As indicated in FIG. 2, a plurality of plates can be interconnected to form a multi-sided frusto-pyramidical field stove, such as the six-sided stove 50 shown in FIG. 2. The depth, shape and orientation of the notches can be adjusted to vary the angle of tilt as indicated for notch 60 of plate 61 in FIG. 3.
Shown in FIG. 4 is a plate 62 having right triangular notches 64 and 66 defined therein. Notch 66 is larger than notch 64 and plate 62 is suitable for forming a rectangular field stove in which all four sides thereof inwardly and downwardly.
Another rectangular field stove 68 is shown in FIG. 5. Stove 68 includes identical end plates 70 and identical side plates 72. Each of the end plates 70 includes a pair triangular slots 74 oriented to form a capital letter M and which are sized to cooperate with triangular slots 76 defined in side plates 72. The slots 76 are shaped so side plates 72 are tilted to be downwardly convergent toward each other for supporting a fuel source above the ground and for properly resolving the weight-generated forces. The notches 76 are preferably right triangle-shaped and can also be sloped to cause end plates 70 to tilt to be downwardly convergent toward each other, or shaped to maintain end plates 70 to be essentially vertically disposed, as suitable. As before, the notches are all sized and located to define protected ventilation paths for the stove. Stove 68 is also suitable for use with a rectangular heat source.
Shown in FIG. 6 is another rectangular stove 80 formed of four identical, planar plates 82. The plates are rectangular with end edges 84 and 86 connected together by side edges 88 and 90, with a pair of identical slots 92 defined therein to extend from side edge 90 inwardly of the plate. The slots extend for less than one-half the width of the plate so a ventilation path can be defined between side edge 90 and the ground. Vent holes 96 are also defined in the plates.
The vent holes are sized according to the size of the ventilation path so a heat source is properly ventilated. Each slot is spaced inwardly from an end edge a distance of about three times the width of the slot so an end section 96 is formed which acts as a wind shield for the vent holes and ventilation path. A slot 98 can also be defined in each plate to extend from one slot to the other to enlarge the ventilation path, if suitable.
Rectangular field stove 80 is particularly suitable for military use, as the fuel source commonly used by the military is rectangular in shape. A tether means 100 can be used to keep the plates 82 together.
Shown in FIG. 7 is a further alternative embodiment of the stove indicated by reference numeral 300 wherein bottom portion 302 is closed for the purpose of preventing the heat source from contacting the ground.
The field stove disclosed herein can be formed of aluminum or other solid non-flammable material or metal which can be coated with non-reflecting material is suitable, and is as suitable for use in Arctic or mountainous environments with high winds and temperatures as low as -40 F. as it is in temperate, planar environments or in jungle environments with temperatures over 100 F. The stove can be used with any suitable heat source, such as a charcoal briquette or a trioxane fuel bar, or the like. The plates can be packaged with the fuel source and provided as a kit if suitable. The tilt of the interlocked plates can be varied to adjust the amount of ventilation for the stove to produce a desired burn. Thus, one or more plates can be tilted more than the remaining plates to vary the size of one or more of the openings adjacent the plate joints with respect to the size of the remaining joint openings so one portion of the heat source burns more rapidly than other portions, thus producing a desired rate of heat generation for the stove. Such adjustment can be used to compensate for wind conditions as well, or to accommodate an uneven utensil being supported on the stove by varying the degree of support provided at different locations about the perimeter of the stove. The degree of plate tilt can also be adjusted to accommodate heat sources of various sizes and shapes as well as to move a heat source toward or away from a utensil as desired. The tether 100 can be used in conjunction with any of the field stoves disclosed herein. A reflecting means, such as the foil wrapper of the heat source, or the like, can be placed under the field stove to reflect heat back toward the utensil and to help support the stove. This heat would otherwise be lost, and there is little danger to the reflecting means as the heat source is supported by the plates and thus does not contact that reflecting means. This is especially advantageous when the field stove is used on snow or ice. The amount of tilt of the plates can be adjusted to produce a closed bottom, as indicated in phantom lines in FIG. 2, therefore producing a pyramidical shape as opposed to a frusto-pyramidical shape produced by an open bottom stove such as stove 10 in FIG. 1.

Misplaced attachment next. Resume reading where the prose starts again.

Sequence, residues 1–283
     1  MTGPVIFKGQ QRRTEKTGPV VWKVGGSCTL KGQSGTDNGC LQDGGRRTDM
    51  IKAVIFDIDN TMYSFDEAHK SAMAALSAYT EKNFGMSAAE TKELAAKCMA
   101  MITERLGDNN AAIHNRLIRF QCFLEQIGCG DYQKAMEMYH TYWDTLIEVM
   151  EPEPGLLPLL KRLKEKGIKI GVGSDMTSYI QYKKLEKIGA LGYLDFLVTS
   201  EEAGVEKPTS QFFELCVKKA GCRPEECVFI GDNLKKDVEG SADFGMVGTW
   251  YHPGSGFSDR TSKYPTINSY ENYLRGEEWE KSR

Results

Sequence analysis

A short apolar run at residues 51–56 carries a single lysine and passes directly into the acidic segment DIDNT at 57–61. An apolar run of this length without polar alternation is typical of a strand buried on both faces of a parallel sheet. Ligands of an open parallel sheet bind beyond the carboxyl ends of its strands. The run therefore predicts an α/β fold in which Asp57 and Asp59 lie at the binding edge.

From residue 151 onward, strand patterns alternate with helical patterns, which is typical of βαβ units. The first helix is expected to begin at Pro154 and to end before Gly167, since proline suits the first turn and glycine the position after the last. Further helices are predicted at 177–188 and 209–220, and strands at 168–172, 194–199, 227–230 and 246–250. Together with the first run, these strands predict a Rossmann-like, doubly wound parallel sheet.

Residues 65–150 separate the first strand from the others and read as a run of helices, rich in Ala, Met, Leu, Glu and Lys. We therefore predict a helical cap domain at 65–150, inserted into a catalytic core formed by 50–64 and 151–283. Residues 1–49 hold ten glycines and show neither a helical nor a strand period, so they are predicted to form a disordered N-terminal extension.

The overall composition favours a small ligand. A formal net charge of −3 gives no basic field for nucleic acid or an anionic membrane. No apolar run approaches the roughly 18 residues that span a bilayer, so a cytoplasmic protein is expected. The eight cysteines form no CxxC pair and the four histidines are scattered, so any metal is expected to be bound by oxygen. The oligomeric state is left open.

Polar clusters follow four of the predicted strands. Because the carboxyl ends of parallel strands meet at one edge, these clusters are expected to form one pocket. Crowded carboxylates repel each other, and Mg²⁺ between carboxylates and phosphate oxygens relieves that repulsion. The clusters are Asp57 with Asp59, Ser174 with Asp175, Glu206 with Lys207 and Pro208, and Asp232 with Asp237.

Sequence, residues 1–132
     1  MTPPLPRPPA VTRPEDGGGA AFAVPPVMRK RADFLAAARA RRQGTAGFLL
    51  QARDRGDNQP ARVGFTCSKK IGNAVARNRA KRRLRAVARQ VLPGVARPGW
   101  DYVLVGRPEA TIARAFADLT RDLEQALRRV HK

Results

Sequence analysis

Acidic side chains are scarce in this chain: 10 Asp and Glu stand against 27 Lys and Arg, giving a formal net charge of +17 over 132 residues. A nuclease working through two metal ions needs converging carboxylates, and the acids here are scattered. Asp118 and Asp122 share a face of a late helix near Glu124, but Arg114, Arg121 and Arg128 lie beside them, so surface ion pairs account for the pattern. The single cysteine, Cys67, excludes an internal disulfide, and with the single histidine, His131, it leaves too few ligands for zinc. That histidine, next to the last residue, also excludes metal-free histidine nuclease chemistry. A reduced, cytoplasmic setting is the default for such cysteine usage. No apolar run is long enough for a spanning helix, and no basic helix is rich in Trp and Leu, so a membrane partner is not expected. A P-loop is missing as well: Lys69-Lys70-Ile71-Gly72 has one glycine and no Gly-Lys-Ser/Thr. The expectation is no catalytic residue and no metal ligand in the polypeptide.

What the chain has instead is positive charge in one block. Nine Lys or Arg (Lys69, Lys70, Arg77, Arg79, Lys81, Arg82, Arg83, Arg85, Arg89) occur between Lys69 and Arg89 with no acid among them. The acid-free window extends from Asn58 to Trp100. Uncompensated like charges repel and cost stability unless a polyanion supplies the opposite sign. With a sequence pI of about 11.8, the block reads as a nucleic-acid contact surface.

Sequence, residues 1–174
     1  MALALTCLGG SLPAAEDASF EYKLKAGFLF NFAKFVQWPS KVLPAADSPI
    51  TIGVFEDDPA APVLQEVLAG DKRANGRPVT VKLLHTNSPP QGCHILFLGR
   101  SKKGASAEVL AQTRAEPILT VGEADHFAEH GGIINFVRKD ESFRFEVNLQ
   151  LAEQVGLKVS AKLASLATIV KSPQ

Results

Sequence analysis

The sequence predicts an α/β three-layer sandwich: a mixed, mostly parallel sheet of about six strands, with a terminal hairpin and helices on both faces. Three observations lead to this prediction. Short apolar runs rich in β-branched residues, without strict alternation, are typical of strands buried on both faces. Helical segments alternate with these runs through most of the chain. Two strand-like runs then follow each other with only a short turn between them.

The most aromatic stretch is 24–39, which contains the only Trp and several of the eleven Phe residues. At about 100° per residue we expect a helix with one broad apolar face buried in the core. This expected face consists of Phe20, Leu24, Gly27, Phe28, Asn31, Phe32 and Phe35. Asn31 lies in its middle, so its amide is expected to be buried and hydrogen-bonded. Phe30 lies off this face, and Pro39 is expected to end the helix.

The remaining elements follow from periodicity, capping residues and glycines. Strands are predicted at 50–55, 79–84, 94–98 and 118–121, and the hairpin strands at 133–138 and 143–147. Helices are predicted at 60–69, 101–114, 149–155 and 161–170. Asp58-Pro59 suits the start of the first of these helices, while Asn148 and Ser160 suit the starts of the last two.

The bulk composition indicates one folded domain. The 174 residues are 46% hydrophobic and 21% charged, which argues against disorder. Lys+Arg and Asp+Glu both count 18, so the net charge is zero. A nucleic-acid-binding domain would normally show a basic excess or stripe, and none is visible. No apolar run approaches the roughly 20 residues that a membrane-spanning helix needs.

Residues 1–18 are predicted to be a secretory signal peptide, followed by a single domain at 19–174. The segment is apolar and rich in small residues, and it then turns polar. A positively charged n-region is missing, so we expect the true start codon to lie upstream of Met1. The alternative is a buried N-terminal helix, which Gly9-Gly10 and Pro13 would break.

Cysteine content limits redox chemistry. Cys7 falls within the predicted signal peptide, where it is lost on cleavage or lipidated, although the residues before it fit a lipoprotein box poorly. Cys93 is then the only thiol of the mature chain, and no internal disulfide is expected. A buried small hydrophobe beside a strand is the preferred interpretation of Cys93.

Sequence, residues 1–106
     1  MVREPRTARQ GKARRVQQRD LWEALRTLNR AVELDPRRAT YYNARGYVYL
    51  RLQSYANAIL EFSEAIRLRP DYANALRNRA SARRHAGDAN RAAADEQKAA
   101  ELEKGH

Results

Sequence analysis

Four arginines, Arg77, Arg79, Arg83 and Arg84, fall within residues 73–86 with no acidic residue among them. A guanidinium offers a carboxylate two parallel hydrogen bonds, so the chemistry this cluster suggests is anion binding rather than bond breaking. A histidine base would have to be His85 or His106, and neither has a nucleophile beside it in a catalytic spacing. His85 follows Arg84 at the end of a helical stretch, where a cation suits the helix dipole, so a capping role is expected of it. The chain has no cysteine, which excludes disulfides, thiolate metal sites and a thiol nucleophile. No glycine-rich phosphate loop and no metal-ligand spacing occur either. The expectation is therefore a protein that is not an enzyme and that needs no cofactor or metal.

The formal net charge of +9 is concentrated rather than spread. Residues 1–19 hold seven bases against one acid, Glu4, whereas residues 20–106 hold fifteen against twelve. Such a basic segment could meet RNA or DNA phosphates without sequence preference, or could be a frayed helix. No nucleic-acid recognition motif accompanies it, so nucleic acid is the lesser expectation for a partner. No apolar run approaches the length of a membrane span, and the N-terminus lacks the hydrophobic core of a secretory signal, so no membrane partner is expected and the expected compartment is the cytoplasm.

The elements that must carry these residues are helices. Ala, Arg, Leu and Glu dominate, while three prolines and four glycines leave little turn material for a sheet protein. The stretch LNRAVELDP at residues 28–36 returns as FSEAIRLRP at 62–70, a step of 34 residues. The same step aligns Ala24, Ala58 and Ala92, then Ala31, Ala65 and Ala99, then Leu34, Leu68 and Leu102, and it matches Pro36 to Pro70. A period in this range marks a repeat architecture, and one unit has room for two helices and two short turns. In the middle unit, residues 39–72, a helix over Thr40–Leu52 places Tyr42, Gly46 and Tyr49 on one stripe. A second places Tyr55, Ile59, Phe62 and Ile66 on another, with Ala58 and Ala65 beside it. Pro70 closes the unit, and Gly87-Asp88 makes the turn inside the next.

Other embodiments can include a stove which is modified to use as a fuel source a canned source or fuel such as Sterno™ or some other canned solid, gelatinous or fluid fuel. This modification can be effected by including an arcuate cut-out in edge 18 of plate means 16 in FIG. 1. In such a modification the can of fuel rests on the ground and the stove fits around the can and also rests on the ground. Other shapes of canned fuel can be similarly accomodated.
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|U.S. Classification||126/9.00B, 126/29, 126/38, 248/165, 126/30|
|Feb 2, 1989||FPAY||Fee payment|
Year of fee payment: 4
|Aug 8, 1993||LAPS||Lapse for failure to pay maintenance fees|
|Oct 26, 1993||FP||Expired due to failure to pay maintenance fee|
Effective date: 19930808